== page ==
BMW K1200LT (2004-2010): Review & Buying Guide


When it came to luxury touring in the early 2000s, one bike dominated the scene – the BMW K1200LT. The full-loaded LT appealed to those who saw the BMW logo on the tank as a guarantee of reliability and while not quite as agile as a Honda Pan European, it offered more in the way of technology and creature comforts and was far cheaper than a Honda Gold Wing. Although initially launched in 1999, it was the 2004-onwards updated model that really set the benchmark and went on to become one of those bikes that owners rave about. If you want to embark on a serious bit of touring without breaking the bank when it comes to your choice of transport, the K1200LT is well worth considering.


BMW K1200LT (2004-2010) Price

The odd thing about the K1200LT is that despite their popularity they tend not to crop up that much in the used bike market, mainly because their owners don’t feel the need to sell them! The first generation (1999-2003) is far easier to find (and will cost you roughly £3000-£4000) but if you want the updated bike you will need to be patient. Expect to have roughly £4000 on hand for an early bike with later ones going for close to £6000 if they are in reasonable condition, which is a lot of cash but as BMW didn’t make a replacement (the boxer-powered RT became their main tourer until the K1600 arrived) the K1200LT holds its value well in the used bike market. The higher-spec LE and Lux models command a premium due to their added extras and are worth waiting out for if you are in no rush to buy.


Power and torque

The K1200LT uses BMW’s inline four motor (which doesn’t run across the frame, BMW put it longitudinally on the early generation of K-series bikes) and the 1171cc motor was redesigned for the 2004 update. While the 15% increase in power is nice to have, it is the 88ftlb of torque at just 5250rpm that makes the LT so relaxing to ride. Super-smooth and with bags of grunt, it suits the bike’s nature perfectly and motorway miles are seen off with minimal hassles and no nasty vibrations. It’s lazy, economical and reliable, what’s not to like? Well, there is the gearbox...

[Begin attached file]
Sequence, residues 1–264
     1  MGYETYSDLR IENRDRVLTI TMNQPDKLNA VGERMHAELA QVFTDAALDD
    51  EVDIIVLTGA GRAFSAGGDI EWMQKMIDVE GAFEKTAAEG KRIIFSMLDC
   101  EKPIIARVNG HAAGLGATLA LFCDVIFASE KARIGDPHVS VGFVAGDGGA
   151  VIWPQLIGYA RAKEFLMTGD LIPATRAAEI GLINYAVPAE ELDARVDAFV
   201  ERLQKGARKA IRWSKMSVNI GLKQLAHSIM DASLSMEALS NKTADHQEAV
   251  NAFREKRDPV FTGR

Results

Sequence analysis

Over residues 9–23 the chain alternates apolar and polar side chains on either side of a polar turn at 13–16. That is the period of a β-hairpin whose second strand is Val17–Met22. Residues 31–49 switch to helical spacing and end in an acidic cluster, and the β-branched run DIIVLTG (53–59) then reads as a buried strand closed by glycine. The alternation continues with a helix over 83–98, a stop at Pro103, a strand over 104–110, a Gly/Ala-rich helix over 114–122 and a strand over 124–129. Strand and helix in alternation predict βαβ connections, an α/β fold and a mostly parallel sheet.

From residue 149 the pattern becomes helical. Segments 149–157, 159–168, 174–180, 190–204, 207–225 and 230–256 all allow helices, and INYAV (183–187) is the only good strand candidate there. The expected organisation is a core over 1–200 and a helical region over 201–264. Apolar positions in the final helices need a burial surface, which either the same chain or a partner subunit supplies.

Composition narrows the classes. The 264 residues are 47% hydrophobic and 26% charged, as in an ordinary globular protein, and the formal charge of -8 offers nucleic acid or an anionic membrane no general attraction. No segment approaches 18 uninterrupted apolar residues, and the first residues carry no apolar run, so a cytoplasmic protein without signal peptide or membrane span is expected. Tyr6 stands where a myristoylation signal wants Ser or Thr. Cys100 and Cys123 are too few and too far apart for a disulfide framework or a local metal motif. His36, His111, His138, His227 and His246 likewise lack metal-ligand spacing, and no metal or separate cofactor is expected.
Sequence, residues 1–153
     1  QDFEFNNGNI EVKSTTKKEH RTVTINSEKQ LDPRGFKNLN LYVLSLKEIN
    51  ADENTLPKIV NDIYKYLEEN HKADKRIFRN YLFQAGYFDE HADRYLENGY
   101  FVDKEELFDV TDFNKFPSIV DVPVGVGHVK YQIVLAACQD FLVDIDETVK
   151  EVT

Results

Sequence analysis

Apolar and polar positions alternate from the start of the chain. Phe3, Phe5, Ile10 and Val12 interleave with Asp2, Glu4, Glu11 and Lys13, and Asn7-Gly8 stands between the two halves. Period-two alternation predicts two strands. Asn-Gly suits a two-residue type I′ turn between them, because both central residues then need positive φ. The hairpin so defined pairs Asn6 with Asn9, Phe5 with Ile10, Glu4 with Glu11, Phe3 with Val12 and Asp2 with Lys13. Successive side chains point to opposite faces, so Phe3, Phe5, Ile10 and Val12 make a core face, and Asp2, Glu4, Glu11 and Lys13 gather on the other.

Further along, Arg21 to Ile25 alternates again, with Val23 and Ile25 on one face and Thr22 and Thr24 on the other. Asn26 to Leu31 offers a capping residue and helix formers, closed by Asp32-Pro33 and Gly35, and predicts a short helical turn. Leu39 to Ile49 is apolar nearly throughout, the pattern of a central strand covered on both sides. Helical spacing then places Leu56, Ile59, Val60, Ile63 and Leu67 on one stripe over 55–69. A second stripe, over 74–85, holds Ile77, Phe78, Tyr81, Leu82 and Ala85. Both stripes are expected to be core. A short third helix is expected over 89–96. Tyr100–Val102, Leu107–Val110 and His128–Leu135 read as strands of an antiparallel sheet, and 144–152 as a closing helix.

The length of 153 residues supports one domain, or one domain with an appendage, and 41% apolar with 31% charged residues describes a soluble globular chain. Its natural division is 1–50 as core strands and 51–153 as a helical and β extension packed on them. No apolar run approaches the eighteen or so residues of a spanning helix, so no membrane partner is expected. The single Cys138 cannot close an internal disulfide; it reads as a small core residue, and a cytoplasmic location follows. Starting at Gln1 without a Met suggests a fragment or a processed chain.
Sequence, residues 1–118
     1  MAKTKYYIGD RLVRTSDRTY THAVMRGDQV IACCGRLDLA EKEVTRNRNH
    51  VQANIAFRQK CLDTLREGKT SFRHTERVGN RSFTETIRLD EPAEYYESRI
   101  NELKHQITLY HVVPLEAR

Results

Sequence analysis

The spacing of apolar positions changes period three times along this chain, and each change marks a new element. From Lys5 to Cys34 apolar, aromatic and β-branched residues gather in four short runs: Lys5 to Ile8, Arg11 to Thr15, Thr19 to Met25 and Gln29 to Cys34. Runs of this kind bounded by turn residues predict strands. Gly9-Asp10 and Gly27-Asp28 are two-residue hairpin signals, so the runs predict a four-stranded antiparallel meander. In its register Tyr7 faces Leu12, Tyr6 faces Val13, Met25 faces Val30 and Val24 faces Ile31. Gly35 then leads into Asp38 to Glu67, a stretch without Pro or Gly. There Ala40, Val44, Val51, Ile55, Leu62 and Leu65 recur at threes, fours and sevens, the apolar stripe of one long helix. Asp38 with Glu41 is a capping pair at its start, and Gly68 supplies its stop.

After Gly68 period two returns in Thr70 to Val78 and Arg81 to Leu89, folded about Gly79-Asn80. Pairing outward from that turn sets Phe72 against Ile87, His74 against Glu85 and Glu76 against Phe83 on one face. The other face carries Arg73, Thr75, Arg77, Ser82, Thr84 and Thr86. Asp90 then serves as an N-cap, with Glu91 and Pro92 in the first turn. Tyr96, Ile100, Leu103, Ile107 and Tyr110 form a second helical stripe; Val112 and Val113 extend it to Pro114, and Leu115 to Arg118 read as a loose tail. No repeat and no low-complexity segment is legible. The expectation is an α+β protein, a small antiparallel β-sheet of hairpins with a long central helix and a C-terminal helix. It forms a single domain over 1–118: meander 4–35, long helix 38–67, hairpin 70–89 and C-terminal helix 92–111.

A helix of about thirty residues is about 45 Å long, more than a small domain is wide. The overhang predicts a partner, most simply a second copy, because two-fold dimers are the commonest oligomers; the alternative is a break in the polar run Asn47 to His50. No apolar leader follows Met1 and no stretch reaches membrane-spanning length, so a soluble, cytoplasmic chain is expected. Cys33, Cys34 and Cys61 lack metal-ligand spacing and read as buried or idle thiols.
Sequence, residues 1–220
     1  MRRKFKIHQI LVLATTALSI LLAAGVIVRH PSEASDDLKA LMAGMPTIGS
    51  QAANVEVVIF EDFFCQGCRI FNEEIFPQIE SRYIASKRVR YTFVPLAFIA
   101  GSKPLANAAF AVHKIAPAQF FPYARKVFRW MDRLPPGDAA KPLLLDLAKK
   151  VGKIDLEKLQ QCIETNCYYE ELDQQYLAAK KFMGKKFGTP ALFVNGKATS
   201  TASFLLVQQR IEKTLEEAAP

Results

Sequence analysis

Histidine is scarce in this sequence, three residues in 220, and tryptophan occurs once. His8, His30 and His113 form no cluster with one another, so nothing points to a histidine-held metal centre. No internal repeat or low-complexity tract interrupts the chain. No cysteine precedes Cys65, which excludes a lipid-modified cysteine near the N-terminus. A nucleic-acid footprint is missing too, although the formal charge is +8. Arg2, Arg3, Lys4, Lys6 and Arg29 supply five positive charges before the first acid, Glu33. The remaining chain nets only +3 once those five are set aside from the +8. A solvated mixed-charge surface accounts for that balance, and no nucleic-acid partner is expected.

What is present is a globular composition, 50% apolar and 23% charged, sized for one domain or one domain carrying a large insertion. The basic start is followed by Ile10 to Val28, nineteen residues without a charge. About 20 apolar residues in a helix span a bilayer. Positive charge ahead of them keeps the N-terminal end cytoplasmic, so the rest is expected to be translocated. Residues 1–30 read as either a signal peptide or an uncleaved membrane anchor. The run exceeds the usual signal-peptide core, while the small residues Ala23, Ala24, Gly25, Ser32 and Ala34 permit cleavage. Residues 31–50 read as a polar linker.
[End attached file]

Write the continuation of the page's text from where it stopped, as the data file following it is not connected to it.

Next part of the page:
Engine, gearbox and exhaust

One of the few grumbles that owners have with the LT is the fact it only has five gears, which is a bit annoying on a bike that spends a lot of its time on straight roads as you often end up looking for an overdrive. That said, it isn’t too bad at ‘normal’ motorway speeds. When buying used always be very wary of any clutch slip as that’s a bill of approaching £1000 to get sorted and look for a machine with a good service history as once things start to go wrong the bills can add up very quickly indeed. Service intervals are every 6000 miles with the valve clearance check at 12,000 miles, which adds to the bill. A few owners service the bike themselves however the sheer volume of plastics does make this a bit time consuming and frustrating until you know what you are doing and there is always the danger of broken panels due to forcing them in frustration. When buying used, attempt to peek behind the plastics using a torch to look for hidden issues such as corrosion.


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BMW K1200LT (2004-2010) Economy

BMW claimed the LT could average between 55 and 41mpg depending on the speed and owners seem to back this up with low 50s economy figures very common. Thanks to its big 23.4-litre tank, you can reasonably expect to exceed 200 and even approach 250 miles between fill-ups, which is great news for touring.


Handling, suspension, chassis and weight

Tipping the scales at 387kg before adding a pillion or luggage, there is no disguising the LT is a big old bus. At slow speed it can feel a bit of a handful (the low 770/790mm seat height is very useful for getting both feet flat on the floor for extra reassurance and BMW helpfully integrated crash protection into the panniers and around the motor) however once you get moving this feeling is transformed into one of security. Roll the LT into bends and it is totally unflappable thanks to its ‘funny’ Telelever front end, which gives a real feeling of security, little dive under braking and solid road holding. At speed on motorways there is no hint of instability and you can happily sit at 70mph all day long in total confidence. A few owners complain the suspension is set quite softly (the rear has a remote preload adjuster) but by now this is probably more down to the units nearing the end of their life, so factor in replacement shocks if you desire a sportier ride quality. As on any shaft drive, check the hub for any leaks or nasty noises but they are generally solid and the same goes for the Telelever’s bearings.